“Dr. June’s tireless commitment to advancing T cell immunotherapy research has been life-changing for many patients affected by cancer, who have lived longer, fuller lives, thanks to the discoveries made in his lab,” said J. Larry Jameson,executive vice president of the University of Pennsylvania for the Health System and dean of the Perelman School of Medicine. “We are proud to see one of Penn’s most esteemed scientists recognized for the impact of his foundational work to develop a new class of cancer immunotherapy treatment.”

Read the full story in Penn Today.

June is a member of the Penn Bioengineering Graduate Group. Read more stories featuring June on the BE Blog here.

A Suit of Armor for Cancer-fighting Cells

by Nathi Magubane

Chimeric antigen receptor T cell (CAR T) therapy has delivered promising results, transforming the fight against various forms of cancer, but for many, the therapy comes with severe and potentially lethal side effects. Now, a research team led by Michael Mitchell of the School of Engineering and Applied Science has found a solution that could help CAR T therapies reach their full potential while minimizing severe side effects. (Image: iStock / Meletios Verras)

In recent years, cancer researchers have hailed the arrival of chimeric antigen receptor T cell (CAR T) therapy, which has delivered promising results, transforming the fight against various forms of cancer. The process involves modifying patients’ T-cells to target cancer cells, resulting in remarkable success rates for previously intractable forms of cancer.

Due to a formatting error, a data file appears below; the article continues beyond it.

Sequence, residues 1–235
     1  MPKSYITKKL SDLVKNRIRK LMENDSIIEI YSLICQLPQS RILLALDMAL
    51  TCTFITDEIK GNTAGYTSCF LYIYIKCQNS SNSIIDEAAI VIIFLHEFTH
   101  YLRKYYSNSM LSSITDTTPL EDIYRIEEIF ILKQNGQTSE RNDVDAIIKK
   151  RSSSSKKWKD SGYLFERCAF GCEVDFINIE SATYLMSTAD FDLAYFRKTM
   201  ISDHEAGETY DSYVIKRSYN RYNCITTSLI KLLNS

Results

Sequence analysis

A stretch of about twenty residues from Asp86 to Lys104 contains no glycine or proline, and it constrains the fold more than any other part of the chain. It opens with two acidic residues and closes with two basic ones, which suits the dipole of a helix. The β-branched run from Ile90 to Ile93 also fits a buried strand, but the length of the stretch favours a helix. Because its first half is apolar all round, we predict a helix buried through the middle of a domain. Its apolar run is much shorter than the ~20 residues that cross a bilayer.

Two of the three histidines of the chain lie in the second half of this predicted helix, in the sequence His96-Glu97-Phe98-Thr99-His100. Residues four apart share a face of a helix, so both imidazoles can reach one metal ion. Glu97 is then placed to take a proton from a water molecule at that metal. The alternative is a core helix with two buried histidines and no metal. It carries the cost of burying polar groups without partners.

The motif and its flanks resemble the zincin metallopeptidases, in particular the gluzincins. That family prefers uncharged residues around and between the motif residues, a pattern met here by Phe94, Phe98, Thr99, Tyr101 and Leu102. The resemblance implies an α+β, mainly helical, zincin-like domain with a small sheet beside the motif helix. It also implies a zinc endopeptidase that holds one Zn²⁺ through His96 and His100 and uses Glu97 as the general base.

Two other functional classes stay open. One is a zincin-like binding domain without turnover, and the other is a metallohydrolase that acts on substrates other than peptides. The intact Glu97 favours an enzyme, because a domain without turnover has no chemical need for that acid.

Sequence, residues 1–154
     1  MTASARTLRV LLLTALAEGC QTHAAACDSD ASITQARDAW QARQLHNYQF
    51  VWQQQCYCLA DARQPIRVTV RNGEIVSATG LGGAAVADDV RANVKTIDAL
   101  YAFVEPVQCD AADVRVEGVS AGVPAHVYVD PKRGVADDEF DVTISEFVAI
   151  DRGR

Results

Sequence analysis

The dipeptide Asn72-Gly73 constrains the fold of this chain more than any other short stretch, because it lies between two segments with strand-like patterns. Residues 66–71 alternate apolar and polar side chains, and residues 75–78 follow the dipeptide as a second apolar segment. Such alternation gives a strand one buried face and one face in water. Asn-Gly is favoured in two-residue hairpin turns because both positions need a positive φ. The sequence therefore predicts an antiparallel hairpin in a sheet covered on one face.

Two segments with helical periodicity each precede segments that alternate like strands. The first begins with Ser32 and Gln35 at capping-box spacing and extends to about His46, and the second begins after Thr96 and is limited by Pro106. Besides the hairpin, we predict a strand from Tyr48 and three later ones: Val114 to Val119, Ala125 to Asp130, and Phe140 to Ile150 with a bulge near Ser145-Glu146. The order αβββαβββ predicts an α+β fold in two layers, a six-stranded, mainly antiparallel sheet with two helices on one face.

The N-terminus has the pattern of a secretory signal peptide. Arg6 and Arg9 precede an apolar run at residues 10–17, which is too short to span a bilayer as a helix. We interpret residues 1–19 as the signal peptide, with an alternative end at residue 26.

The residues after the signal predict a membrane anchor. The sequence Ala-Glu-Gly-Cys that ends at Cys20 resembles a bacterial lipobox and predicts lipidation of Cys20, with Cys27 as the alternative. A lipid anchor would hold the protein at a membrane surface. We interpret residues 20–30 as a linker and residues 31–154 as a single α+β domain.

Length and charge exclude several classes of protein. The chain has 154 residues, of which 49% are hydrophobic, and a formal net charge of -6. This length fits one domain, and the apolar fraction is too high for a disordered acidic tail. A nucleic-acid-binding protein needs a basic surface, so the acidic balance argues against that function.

Six CAR T cell therapies have secured FDA approval, and several more are in the pipeline. However, these therapies come with severe and potentially lethal side effects, namely cytokine release syndrome (CRS) and neurotoxicity. These drawbacks manifest as a range of symptoms—from high fever and vomiting to multiple organ failure and patient death—posing significant challenges to broader clinical application.

Now, a research team led by Michael Mitchell, associate professor in the School of Engineering and Applied Science at the University of Pennsylvania, has found a solution that could help CAR T therapies reach their full potential while minimizing severe side effects. Their findings are published in the journal Nature Materials.

“Addressing CRS and neurotoxicity without compromising the therapeutic effectiveness of CAR T cells has been a complex challenge,” says Mitchell.

He says that unwanted interactions between CAR T and immune cells called macrophages drive the overactivation of macrophages, which in turn result in the release of toxic cytokines that lead to CRS and neurotoxicity.

“Controlling CAR T-macrophage interactions in vivo is difficult,” Mitchell says. “So, our study introduces a materials engineering-based strategy that involves incorporating a sugar molecule onto the surface of CAR T cells. These sugars are then used as a reactive handle to create a biomaterial coating around these cells directly in the body, which acts as a ‘suit of armor,’ preventing dangerous interactions with macrophages.”

First author Ningqiang Gong, a postdoctoral researcher in the Mitchell Lab, elaborates on the technique, “We attached this sugar molecule to the CAR T cells using metabolic labeling. This modification enables the CAR T cells to attack cancer cells without any hindrance.”

“When symptoms of CRS begin to manifest, we introduce another molecule—polyethylene glycol (PEG)—to create the suit of armor, which effectively blocks dangerous interactions between these engineered T cells, macrophages, and the tumor cells themselves,” Gong says.

Read the full story in Penn Today.

Carl June on the Boundless Potential of CAR T Cell Therapy

by Meagan Raeke